In a similar vein, the Locarno Treaties were signed by countries including Britain, France, Germany and Italy. The treaties had no power whatsoever to prevent the eruption of World War II.
It was a heart-rending lesson of the 20th century to learn that only an alliance could guarantee the security of a nation. Even the U.S., chief advocate of the Wilsonian principle, shifted its course in the postwar period, concluding various military alliances across the globe, with the North Atlantic Treaty Organization and the U.S.-Japan Security Treaty as their mainstay.
In the final years of George W. Bush’s presidency, a proposal similar to that of Park was made, suggesting an expansion of the six-party talks on North Korea’s nuclear weapons development program. Although the proposal was never presented in writing, it also carried dangerous implications.
The six-party talks are essentially a series of multilateral negotiations held intermittently in Beijing, presided over by China and attended by assistant secretary or director-general level delegates from Japan, China, the two Koreas, Russia and the U.S. for the purpose of dismantling North Korea’s nuclear weapons program.
The proposal suggested upgrading the level of the meetings to the foreign minister level and discussing comprehensive security problems in Northeast Asia, including, above all, historical-perception issues. The reason behind the proposal was similar to that of Park’s: Northeast Asia, where scars from World War II linger, has yet to establish a multilateral security cooperation framework like Europe’s.
Appalling! How can we have a constructive exchange of views on such issues as “comfort women” and Yasukuni Shrine in a meeting of six foreign ministers?
Fortunately, this proposal disappeared when U.S. Republicans lost the presidential election in the fall of 2008.
At the end of the Cold War, a highly respected American intellectual in the government once privately proposed terminating the U.S.-Japan alliance and replacing it with a multilateral consultative agreement among China, Japan, Russia and the U.S. I argued vehemently against it and asked him whether the U.S. wanted to repeat the same mistake that once pressed Japan to abolish the Anglo-Japanese alliance and replace it with the four-power consultative treaty.
Admittedly European countries successfully established a multilateral cooperation mechanism called CSCE (Conference on Security and Cooperation in Europe) during the Cold War. The mechanism provided an important venue for dialogue between East and West, and still functions today.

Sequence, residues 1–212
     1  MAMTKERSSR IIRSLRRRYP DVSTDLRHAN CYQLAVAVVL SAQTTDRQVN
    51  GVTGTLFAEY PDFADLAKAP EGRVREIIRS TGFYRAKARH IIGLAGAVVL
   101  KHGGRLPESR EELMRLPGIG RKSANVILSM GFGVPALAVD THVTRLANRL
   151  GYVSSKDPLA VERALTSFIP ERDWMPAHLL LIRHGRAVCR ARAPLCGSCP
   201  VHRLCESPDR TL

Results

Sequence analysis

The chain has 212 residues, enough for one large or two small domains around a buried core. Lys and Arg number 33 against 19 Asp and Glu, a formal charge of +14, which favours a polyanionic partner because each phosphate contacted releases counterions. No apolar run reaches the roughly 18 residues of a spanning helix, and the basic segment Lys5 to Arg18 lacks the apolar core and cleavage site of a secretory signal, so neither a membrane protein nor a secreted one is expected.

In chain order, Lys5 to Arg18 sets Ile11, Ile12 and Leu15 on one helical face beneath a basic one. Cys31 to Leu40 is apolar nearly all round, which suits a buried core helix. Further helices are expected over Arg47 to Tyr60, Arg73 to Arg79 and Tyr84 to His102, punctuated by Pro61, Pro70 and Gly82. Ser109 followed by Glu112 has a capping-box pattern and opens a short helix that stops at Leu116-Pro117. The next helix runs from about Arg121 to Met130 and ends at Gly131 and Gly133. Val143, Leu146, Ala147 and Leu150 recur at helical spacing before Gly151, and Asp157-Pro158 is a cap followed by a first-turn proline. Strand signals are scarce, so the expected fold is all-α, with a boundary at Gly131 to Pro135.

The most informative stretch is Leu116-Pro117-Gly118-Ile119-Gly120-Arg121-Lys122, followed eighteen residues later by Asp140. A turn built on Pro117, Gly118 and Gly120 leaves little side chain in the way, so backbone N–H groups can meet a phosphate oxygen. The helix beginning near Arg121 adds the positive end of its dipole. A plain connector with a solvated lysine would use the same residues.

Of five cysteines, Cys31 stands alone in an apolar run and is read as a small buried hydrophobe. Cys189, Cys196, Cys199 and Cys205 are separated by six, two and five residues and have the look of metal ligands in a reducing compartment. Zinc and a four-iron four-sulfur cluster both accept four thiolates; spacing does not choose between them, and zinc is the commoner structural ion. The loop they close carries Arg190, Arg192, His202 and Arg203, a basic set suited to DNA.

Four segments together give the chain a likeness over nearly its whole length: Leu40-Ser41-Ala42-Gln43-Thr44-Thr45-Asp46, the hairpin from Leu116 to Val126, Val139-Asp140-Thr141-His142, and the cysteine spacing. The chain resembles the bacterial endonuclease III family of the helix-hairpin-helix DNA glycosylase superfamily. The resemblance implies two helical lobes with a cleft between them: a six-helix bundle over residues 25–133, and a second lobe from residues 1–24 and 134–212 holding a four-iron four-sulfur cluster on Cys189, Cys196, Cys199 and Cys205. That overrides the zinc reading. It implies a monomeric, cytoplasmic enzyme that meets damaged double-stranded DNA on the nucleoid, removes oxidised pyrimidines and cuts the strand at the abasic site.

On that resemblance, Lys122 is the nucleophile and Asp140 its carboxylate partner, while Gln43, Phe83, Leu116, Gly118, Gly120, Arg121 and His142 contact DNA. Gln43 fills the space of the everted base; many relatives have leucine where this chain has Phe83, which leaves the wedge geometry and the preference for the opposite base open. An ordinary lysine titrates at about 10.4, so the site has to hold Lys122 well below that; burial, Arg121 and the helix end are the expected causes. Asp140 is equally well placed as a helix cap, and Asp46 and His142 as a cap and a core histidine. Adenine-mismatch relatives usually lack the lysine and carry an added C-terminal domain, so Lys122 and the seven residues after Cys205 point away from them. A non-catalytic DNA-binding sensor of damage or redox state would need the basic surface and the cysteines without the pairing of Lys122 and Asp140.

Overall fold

What is noteworthy, though, is that the main Western nations such as Britain, France and Germany attach importance to the North Atlantic Treaty Organization as the primary organization for ensuring security of the region, while giving CSCE a subsidiary role for dialogue. This framework for function-sharing has worked well up to this day.
This is the correct way to distinguish an alliance from a multilateral consultative arrangement. If South Korea wants to seek a multilateral agreement in Northeast Asia, it needs to establish first a trilateral framework for military cooperation among Japan, South Korea and the U.S. to meet the changes in the East Asian military balance attributable to rapidly growing Chinese military capabilities.
There are many things we could do to improve military cooperation among the three countries. First, South Korea needs to conclude the General Security of Military Information Agreement (GSOMIA) with Japan, which has been duly negotiated and agreed to between the two countries. It is preposterous to suggest a multilateral consultative arrangement without even signing the GSOMIA.
Fortunately, Park’s proposal has not received much attention, either from China or from the U.S. so far. We must not forget, however, that this kind of proposal once surfaced from the U.S. Therefore, should such a proposal arise again in the future, it is crucially important for Japan to point out the problem inherent in it at an early stage.
Hisahiko Okazaki is a former Japanese ambassador to Thailand. This is an English translation with some modifications of his article that appeared in Sankei Shimbun’s Seiron column on July 30.